Muftah’s Book Club features interviews about books we love with the authors who have written them. In this installment, we interview Ben White* on his latest publication on Israel’s Palestinian population.
Q: What type of research did you conduct for your book, “Palestinians in Israel: Segregation, Discrimination, and Democracy”?
Ben White (BW): For a while now, I have been visiting Palestine for different projects and purposes. I initially began by spending most of my time in the West Bank (such as in my first trip in 2003), but in recent years, I have also been spending time in places like the Galilee, Haifa, the Naqab (Negev). In addition, I began to read more about the kinds of historical and contemporary challenges faced by Palestinians with Israeli citizenship. When I came to focus on writing this book specifically, I was helped by a number of titles that are not so easy to find these days – indeed, one of my purposes was to be able to distill the vital information and insights of these books into an accessible format. So the book – like my first one – is the result of a combination of on the ground experiences, personal friendships, newspaper archives, and library visits.
Q: How does this book contribute to the existing scholarship on this issue?
BW: Well as I mentioned, I am indebted to the work done by those who, over the course of the last 60 years, took the time to describe the legal regime and day to day policies that Palestinians in Israel have experienced. I would be hesitant to claim any particular scholarly ‘breakthrough’, in the sense that what I hope to have done is provide a resource that makes accessible information that is already available, but perhaps hard to find. I suppose what the book contributes in terms of theoretical framework is an attempt to present the conditions of Palestinians in Israel as part of the ‘bigger picture’. It is an argument that the de facto one-state reality has to shape our conceptualization of the conflict and in particular, what is necessary to resolve it. By drawing attention to the fact that Israel’s ‘Jewish and democratic’ status is only possible through the forced displacement, exclusion and segregation of the Palestinians – something that you can see in the Galilee and Negev as much as Hebron’s hills and the Jordan Valley – I hope that greater clarity is possible with regards to the ‘question of Palestine’.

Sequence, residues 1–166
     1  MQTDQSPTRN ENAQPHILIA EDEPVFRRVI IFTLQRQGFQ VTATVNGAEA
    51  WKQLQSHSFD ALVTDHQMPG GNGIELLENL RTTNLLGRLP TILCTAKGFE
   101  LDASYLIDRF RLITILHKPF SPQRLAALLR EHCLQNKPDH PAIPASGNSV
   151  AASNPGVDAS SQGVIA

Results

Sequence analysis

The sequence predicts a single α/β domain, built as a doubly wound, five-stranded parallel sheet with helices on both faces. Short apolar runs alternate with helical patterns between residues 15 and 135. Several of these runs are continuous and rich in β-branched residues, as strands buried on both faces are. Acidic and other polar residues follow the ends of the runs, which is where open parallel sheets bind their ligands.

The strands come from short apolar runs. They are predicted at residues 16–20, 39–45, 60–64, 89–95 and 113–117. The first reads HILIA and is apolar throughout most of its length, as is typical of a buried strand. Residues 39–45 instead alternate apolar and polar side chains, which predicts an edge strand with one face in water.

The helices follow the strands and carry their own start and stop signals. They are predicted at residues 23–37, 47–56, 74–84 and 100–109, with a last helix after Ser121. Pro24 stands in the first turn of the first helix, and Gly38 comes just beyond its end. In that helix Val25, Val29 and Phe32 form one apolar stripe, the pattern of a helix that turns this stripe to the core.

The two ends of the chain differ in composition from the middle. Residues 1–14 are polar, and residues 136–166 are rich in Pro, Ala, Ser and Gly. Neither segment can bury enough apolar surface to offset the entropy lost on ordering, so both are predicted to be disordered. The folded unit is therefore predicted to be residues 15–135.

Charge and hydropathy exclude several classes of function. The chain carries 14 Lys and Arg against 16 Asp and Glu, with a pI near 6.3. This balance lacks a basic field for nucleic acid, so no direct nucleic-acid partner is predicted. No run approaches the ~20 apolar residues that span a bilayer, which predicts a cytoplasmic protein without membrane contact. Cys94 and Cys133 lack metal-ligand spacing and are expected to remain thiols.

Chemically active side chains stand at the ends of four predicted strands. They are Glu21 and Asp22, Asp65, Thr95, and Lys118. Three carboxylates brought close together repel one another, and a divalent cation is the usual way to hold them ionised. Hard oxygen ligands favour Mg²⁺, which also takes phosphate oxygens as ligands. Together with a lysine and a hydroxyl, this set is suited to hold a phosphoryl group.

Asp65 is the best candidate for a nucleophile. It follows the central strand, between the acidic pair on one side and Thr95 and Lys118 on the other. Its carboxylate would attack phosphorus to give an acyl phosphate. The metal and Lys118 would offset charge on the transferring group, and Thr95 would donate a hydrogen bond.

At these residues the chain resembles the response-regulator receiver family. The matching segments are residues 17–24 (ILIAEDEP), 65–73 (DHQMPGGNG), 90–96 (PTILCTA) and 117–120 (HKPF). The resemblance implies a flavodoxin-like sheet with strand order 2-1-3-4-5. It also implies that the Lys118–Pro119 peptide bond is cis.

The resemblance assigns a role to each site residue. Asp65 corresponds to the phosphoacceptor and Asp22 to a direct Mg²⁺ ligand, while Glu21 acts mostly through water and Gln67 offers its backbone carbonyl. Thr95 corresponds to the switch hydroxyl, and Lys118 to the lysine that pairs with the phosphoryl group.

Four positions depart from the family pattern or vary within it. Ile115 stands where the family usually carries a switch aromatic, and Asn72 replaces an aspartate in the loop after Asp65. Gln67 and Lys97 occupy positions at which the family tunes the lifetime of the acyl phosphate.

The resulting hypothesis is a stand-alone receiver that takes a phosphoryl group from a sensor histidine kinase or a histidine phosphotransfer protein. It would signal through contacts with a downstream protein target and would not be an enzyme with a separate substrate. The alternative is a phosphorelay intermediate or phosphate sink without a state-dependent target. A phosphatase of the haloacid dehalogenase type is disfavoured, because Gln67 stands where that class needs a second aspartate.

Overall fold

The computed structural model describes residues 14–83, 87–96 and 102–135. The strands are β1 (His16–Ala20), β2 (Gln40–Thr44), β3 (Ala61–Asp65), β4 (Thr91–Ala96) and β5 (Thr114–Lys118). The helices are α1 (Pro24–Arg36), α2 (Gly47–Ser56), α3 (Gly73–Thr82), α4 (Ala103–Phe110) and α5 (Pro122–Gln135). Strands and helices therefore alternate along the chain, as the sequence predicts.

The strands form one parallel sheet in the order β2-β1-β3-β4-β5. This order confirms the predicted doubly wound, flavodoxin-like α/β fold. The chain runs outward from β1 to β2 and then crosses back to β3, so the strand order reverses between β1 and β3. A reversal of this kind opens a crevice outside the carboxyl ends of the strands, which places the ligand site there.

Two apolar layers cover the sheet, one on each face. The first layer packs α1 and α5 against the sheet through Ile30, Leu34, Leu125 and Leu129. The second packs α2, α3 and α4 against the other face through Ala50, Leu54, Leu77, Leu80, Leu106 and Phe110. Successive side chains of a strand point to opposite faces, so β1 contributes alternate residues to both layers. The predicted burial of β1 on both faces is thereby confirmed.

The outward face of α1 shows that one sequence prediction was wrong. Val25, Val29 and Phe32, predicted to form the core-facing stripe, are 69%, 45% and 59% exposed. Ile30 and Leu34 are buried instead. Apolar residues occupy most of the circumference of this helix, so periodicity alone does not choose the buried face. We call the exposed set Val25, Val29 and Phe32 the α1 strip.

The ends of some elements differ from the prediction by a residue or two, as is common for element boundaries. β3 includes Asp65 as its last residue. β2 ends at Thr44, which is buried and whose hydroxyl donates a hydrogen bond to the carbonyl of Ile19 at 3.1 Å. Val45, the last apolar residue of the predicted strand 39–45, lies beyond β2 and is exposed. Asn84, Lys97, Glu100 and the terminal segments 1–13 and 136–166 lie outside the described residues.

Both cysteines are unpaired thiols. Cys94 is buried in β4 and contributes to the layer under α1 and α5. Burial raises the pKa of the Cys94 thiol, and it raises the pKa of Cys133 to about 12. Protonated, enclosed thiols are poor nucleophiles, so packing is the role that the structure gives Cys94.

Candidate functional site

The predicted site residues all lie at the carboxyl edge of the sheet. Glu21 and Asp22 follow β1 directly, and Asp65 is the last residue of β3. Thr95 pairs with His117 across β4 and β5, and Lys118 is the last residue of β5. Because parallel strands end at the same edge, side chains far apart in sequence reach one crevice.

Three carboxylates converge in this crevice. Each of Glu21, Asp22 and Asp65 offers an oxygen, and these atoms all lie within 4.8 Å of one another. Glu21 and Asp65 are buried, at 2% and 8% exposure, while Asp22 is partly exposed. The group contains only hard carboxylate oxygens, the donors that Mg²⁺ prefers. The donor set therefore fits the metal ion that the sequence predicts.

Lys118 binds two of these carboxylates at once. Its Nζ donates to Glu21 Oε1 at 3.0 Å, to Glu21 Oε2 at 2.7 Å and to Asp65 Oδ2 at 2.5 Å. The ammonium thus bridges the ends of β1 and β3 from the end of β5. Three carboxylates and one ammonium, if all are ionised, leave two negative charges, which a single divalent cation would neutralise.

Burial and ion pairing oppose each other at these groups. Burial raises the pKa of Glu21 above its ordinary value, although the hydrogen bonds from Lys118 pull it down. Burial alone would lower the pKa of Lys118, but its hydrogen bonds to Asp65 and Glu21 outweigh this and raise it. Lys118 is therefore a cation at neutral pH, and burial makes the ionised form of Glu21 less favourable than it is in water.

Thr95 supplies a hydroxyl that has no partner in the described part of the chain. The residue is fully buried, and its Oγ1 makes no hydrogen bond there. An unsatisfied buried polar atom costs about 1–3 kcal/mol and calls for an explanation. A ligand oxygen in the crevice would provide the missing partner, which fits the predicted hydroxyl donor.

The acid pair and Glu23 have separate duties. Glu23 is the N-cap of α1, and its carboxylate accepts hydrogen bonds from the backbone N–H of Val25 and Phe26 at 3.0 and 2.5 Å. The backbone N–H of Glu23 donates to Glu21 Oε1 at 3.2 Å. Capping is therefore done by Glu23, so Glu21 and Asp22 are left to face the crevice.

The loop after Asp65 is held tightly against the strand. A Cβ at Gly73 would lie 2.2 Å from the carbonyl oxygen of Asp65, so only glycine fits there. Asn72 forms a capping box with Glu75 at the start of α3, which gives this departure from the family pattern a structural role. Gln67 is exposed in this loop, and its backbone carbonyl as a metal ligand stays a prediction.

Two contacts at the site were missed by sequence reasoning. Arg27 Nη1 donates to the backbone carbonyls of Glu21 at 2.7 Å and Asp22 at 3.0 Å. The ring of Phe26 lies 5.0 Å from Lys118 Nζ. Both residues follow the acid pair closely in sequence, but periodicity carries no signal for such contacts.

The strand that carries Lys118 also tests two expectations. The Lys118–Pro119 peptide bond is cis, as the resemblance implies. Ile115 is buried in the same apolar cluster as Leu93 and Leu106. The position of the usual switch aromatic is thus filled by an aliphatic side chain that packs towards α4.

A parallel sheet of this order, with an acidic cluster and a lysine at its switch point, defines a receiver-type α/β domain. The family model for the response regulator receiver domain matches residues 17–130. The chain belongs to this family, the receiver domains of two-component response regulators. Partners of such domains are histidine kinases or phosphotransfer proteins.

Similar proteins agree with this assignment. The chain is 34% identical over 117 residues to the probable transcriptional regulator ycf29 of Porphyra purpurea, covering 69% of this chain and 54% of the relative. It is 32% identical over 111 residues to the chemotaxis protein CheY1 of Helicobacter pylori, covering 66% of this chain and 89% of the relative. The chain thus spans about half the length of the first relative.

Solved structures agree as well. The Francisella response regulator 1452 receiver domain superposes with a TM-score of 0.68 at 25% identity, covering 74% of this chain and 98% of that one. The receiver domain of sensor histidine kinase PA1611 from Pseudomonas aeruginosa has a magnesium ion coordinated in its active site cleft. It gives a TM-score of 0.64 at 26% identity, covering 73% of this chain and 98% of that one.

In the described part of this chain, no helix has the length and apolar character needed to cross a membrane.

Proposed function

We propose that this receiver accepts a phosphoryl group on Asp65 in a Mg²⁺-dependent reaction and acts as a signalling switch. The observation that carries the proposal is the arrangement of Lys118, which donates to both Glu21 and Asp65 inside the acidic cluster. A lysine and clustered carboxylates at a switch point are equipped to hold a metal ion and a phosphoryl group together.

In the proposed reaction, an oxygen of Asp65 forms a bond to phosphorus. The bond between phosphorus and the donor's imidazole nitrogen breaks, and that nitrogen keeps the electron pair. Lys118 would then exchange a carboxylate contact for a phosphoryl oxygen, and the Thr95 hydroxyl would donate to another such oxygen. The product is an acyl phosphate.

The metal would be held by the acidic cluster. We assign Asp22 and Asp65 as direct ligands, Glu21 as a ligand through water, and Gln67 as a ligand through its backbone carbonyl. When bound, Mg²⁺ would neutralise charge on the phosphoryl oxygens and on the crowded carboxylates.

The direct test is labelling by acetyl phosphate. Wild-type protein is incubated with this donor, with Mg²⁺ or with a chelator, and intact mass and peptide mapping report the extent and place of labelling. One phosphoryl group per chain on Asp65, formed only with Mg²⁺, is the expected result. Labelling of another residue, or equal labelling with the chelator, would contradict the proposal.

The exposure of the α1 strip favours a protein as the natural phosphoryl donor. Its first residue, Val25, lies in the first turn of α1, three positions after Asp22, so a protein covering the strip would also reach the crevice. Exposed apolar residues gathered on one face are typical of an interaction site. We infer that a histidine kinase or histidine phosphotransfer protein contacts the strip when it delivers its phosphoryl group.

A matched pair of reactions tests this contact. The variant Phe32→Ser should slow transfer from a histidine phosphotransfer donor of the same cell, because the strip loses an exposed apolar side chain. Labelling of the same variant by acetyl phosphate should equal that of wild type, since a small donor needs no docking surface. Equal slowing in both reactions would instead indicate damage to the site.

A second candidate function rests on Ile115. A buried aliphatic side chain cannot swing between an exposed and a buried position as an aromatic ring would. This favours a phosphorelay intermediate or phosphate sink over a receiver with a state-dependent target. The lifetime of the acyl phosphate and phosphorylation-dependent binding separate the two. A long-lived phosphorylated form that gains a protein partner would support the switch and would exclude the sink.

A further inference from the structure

Q: In your opinion, how should the “de facto one state reality” guide negotiations between the Palestinians and Israel? Should negotiations be abandoned for a different approach to resolving the conflict?
BW: Certainly, the current way of ‘negotiating’ should be abandoned. The so-called peace process, shaped by the US and Quartet, does nothing to counter the power imbalance, propagates the false notion of two more or less equal sides who need to come to a reasonable compromise, and is part of what allows Israel to pursue colonisation and apartheid policies with impunity. The negotiations, as practiced for two decades now, have acted as a substitute for the implementation of international law and Palestinian basic rights, not as a means to accomplishing them.
This state of affairs, combined with the ‘de facto one state reality’, means there is an urgent need for different approaches, both in Palestine and internationally. This question also relates to other, significant issues – for example, Palestinian representation and leadership. But examples of what could make up an alternative way of realizing a just, sustainable solution include focusing on accountability for violations of international law and human rights, including war crimes; coordinated Boycott, Divestment and Sanctions tactics; an end to Palestinian Authority co-operation with the Israeli military; an embrace of strategic popular resistance, etc. In terms of the bigger picture, the ‘Question of Palestine’ must be reintegrated to include Palestinians in the post-67 occupied territories, those with Israeli citizenship, and the refugees.